[2-4] To establish the existence of an easement by prescription, the party so claiming must show open, notorious, exclusive, adverse, continuous and uninterrupted use of the easement claimed for the full statutory period. Scott v. Jardine Gold Min. Mill Co., 79 Mont. 485, 257 P. 406. By "continuous and uninterrupted" use is meant use not interrupted by the act of the owner of the land or by voluntary abandonment by the party claiming the right. In the case at bar there is no proof of either. It is to be noted that it is not necessary that the use should have been continuous in the person asserting the right. It will be sufficient if such use has been continuous in him and those under whom he claims. Groshean v. Dillmont Realty Co., supra.
 If there has been the use of an alleged easement for ten years (or five years subsequent to the 1953 amendment referred to above), unexplained, it will be presumed to be under a claim of right, and adverse, and will be sufficient to establish a title by prescription and to authorize the presumption of a grant. Te Selle v. Storey, 133 Mont. 1, 319 P.2d 218.
 Applying the foregoing general principles to the facts in this case, the conclusion is irresistible that the plaintiffs acquired an easement by prescription in the road in question. The plaintiffs and their predecessor in interest used such road for 35 years before the defendants became the owners of their land. This use, unexplained, raises a presumption that it was adverse, and under a claim of right.
The only explanation afforded by the defendants is that the road in question had been "obstructed" during all of such period by at least one gate. Even if evidence of gates across the alleged easement is sufficient to overcome the presumption, there is substantial evidence in the record before us to justify a finding that the plaintiffs' use of the road in question was adverse and under a claim of right. The uncontradicted testimony of Charles M. Huffine, the owner of the defendants' land during all of such 35-year period, in and of itself establishes the fact that the use by the plaintiffs and their predecessors in interest of the road in question was adverse and without license or permission.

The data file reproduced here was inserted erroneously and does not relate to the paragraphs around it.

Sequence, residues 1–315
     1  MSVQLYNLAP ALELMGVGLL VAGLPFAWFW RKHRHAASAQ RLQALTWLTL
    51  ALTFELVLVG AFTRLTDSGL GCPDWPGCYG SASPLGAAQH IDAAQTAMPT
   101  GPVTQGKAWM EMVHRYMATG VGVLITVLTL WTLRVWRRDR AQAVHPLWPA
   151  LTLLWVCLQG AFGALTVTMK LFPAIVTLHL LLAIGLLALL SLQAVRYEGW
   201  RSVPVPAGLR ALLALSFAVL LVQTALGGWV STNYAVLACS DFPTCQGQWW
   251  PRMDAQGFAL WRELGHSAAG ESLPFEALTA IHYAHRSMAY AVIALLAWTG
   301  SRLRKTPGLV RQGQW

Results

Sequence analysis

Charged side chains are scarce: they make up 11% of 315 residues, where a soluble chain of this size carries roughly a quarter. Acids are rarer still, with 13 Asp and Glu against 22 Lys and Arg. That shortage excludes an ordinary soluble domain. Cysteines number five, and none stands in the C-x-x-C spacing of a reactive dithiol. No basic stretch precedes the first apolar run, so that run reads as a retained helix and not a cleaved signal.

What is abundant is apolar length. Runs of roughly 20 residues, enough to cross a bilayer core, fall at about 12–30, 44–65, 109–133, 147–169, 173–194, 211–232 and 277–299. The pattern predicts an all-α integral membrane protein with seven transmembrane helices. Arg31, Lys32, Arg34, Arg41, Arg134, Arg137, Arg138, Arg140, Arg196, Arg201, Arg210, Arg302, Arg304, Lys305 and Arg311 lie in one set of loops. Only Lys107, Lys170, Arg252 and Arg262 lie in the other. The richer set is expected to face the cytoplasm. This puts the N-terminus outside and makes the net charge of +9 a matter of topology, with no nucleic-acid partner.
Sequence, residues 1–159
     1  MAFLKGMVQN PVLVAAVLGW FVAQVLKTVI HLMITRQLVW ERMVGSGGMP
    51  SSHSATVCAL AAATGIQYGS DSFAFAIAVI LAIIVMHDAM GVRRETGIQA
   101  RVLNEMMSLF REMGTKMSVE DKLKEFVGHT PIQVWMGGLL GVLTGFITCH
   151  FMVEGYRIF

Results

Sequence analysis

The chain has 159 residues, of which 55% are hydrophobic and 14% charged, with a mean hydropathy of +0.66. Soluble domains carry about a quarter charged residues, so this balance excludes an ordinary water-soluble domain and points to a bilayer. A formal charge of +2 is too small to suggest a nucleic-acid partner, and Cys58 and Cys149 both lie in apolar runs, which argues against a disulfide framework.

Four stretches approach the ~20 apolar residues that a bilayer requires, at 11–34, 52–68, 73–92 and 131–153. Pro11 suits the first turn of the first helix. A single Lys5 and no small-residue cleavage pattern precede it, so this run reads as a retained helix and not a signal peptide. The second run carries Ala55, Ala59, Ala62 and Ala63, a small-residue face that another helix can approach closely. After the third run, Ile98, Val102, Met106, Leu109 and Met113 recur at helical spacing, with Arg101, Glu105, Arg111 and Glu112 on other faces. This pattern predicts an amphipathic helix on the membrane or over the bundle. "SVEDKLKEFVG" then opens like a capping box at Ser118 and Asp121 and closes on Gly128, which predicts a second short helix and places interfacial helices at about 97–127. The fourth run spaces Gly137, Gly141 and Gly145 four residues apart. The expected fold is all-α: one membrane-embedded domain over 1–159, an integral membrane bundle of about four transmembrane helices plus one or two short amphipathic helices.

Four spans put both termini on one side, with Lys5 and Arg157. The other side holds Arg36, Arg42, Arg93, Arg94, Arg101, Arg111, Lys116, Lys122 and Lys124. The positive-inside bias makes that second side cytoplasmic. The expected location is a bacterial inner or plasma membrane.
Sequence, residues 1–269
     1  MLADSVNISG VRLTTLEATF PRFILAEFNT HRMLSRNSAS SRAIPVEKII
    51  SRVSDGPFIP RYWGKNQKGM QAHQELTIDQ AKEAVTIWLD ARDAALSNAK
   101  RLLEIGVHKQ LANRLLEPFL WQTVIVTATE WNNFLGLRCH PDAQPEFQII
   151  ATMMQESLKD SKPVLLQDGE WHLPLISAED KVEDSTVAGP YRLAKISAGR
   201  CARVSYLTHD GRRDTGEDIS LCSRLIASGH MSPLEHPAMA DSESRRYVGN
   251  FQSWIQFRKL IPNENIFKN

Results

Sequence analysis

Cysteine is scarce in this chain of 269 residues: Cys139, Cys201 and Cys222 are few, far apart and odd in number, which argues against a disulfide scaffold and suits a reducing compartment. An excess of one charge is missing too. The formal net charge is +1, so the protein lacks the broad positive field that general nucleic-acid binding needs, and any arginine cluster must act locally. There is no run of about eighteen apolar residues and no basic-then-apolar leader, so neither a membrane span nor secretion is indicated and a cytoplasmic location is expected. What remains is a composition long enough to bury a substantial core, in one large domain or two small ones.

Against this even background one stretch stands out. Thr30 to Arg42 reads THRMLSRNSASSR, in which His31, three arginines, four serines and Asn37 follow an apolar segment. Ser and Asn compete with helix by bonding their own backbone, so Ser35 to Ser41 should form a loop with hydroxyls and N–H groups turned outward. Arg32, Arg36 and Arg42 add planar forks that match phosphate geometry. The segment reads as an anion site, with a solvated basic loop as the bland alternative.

It is clear from the foregoing that the easement in question was acquired before the defendants became owners of their land And, the record before us shows that the defendants bought with notice of its existence. In 28 C.J.S. Easements § 48, pp. 711-712, it is stated: "One who purchases land expressly subject to an easement, or with notice, actual or constructive, that it is burdened with an existing easement, takes the land subject to the easement." (Emphasis supplied.)
The evidence shows that the road in question had been used throughout the prescriptive period, not only by the plaintiffs and their predecessors in interest, but also by the defendants and their predecessors in interest, and by persons owning irrigation ditches across the road in question, and also to some extent by persons going to and from pasture lands lying south of the plaintiffs' land. It is urged by the defendants that in such circumstances the use of the road in question was not "exclusive" within the meaning of the law applicable to the acquisition of easements by prescription.